UNHCR plans to take 60,000 South Sudanese refugees home by May 2006
NAIROBI, Dec. 20 (UNHCR) - As the first group of official returnees to South Sudan began reaching their home villages, UNHCR announced plans Tuesday to take 60,000 South Sudanese refugees home by May.
The 131 refugees taken back to South Sudan by UNHCR on Saturday from Kakuma Refugee Camp in north-western Kenya were "the first of about 60,000 refugees we plan to bring home in the next five months as our organized repatriation gets underway," Jennifer Pagonis, spokeswoman for the UN refugee agency, told journalists in Geneva.
It could take up to five years to get more than half a million South Sudanese refugees back to their homes, Jean-Marie Fakhouri, the head of UNHCR's Sudan operations, told a press conference in Nairobi on Monday.
The official repatriation of 131 refugees - 67 of whom travelled by aircraft and the rest by bus - was "the first step and an important one" in helping some 550,000 South Sudanese refugees return from exile in neighbouring countries, Fakhouri said. There are a further four to six million people displaced within Sudan, including an estimated 2.5 million in the capital, Khartoum, alone.
Fakhouri pledged that in January, repatriation will start from the Democratic Republic of the Congo, home to 69,400 South Sudanese refugees, and from the Central African Republic, home to 36,000. Organized repatriation should begin in February from Ethiopia, where some 14,000 Sudanese refugees, out of 73,000 in five camps, have asked UNHCR to take them home immediately.
In South Sudan, an area larger than France and Germany combined, there are only 14 kilometres of paved roads, so movements by bus and truck are very much at the mercy of the weather. UNHCR's plans call for repatriation movements up to the start of the rainy season, likely in May next year, resuming again after the seasonal rains end.
The 131 returnees from Kakuma who crossed the border on Saturday took several more days to reach their home villages, in many cases walking four to six hours on foot from Bor, Kapoeta and Chukudum, where they were delivered by UNHCR.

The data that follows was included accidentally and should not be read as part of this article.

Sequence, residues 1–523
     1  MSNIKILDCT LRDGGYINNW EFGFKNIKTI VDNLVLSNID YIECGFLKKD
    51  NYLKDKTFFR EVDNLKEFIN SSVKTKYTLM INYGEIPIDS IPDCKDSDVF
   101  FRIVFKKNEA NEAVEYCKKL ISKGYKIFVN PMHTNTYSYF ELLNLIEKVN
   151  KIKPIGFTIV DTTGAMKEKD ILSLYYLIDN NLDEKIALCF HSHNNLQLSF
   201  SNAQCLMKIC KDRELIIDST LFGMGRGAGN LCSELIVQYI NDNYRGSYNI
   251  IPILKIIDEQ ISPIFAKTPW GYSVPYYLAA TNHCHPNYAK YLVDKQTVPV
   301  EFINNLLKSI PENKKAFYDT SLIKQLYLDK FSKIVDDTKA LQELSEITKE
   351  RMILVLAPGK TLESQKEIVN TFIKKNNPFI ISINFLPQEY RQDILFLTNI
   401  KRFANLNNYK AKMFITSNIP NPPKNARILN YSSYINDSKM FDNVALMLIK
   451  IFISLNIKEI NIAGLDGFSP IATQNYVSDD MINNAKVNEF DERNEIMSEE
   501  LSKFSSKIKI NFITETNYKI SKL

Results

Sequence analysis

"I am happy to be back here," Carlo, a 24-year-old who had spent exactly half his life in Kakuma, said on arrival in Chukudum after a bus journey that took seven hours to cover 60 kilometres. "The war is finished now," he said, referring to Sudan's 21-year civil war.
Following the signing of the Sudanese peace accord last January, UNHCR and other UN agencies spent much of this year helping communities in South Sudan prepare to receive returnees. (Some 75,000 have gone home on their own accord this year without waiting for UNHCR transportation.)
"Our role is that whenever refugees and internally displaced persons go back home, they will find someone to welcome them," Fakhouri said. To this end, the UN refugee agency has opened 10 offices, built schools, dug wells, and rebuilt hospitals to help entire communities better receive the returnees.
"Clearly it will take a long time for South Sudan to provide the same services to their people that were provided in refugee camps," Fakhouri said. "But at the same time it is important for refugees to go back home and build their country."
He echoed the words of welcome given to the refugees Saturday at the Sudan-Kenya border by Riek Machar, vice president of the South Sudan government - which the war-ravaged country needs the skills the refugees acquired in exile.
In addition to the first returnees, about 1,600 refugees in Kakuma have signed up for return to South Sudan - mainly the Upper Nile region - as soon as possible.
Fakhouri stressed that the UN refugee agency is not promoting return to South Sudan because of lack of services, but "we stand ready to provide assistance to anyone who wants to go home."
UNHCR's South Sudan repatriation operation was under-funded this year, with only US$50.16 million received for needs of US$76.3 million. "We hope with the repatriation now under way and refugees keen to return home, that donors will be generous with their support in 2006," Pagonis said in Geneva.
After UNHCR has cared for South Sudanese refugees for 15 years or more in exile, Fakhouri added, "we want to finish the job by bringing people back."
By Kitty McKinsey in Nairobi, Kenya
with Hélène Caux in Chukudum, South Sudan